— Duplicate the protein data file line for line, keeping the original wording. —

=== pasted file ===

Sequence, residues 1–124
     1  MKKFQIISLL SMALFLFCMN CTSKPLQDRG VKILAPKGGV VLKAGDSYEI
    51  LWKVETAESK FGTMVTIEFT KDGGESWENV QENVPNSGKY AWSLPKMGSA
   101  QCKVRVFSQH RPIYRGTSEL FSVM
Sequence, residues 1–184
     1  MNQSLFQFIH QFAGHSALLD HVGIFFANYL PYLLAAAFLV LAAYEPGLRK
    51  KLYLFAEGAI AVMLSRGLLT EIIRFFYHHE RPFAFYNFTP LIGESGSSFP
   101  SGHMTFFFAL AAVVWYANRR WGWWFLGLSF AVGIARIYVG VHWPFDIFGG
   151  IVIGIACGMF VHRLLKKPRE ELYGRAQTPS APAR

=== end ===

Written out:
Sequence, residues 1–124
     1  MKKFQIISLL SMALFLFCMN CTSKPLQDRG VKILAPKGGV VLKAGDSYEI
    51  LWKVETAESK FGTMVTIEFT KDGGESWENV QENVPNSGKY AWSLPKMGSA
   101  QCKVRVFSQH RPIYRGTSEL FSVM
Sequence, residues 1–184
     1  MNQSLFQFIH QFAGHSALLD HVGIFFANYL PYLLAAAFLV LAAYEPGLRK
    51  KLYLFAEGAI AVMLSRGLLT EIIRFFYHHE RPFAFYNFTP LIGESGSSFP
   101  SGHMTFFFAL AAVVWYANRR WGWWFLGLSF AVGIARIYVG VHWPFDIFGG
   151  IVIGIACGMF VHRLLKKPRE ELYGRAQTPS APAR